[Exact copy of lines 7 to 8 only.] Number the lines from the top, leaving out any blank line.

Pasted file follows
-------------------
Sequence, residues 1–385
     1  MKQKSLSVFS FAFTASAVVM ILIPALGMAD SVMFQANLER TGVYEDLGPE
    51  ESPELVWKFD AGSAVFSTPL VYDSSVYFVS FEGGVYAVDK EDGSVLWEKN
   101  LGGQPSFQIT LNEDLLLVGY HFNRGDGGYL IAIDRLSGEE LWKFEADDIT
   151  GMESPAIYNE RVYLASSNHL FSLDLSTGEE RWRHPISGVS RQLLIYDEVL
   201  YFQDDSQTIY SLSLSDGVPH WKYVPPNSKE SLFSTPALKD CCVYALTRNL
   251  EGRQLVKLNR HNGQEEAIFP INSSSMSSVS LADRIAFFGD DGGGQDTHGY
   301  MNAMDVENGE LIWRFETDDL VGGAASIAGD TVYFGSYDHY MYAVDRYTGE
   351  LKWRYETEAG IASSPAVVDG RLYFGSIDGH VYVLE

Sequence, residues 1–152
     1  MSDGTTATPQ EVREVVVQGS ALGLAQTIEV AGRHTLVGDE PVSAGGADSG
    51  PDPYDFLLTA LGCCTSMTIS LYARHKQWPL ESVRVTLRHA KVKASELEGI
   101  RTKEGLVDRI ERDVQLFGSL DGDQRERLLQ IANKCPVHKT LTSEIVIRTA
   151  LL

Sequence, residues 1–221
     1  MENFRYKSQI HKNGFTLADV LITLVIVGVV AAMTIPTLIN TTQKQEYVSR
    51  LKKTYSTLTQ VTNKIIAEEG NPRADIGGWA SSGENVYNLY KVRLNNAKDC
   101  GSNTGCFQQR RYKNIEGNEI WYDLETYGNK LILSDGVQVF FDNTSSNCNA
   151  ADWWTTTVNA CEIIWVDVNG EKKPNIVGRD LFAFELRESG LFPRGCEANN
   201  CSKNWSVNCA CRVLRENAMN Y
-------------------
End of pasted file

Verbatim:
   251  EGRQLVKLNR HNGQEEAIFP INSSSMSSVS LADRIAFFGD DGGGQDTHGY
   301  MNAMDVENGE LIWRFETDDL VGGAASIAGD TVYFGSYDHY MYAVDRYTGE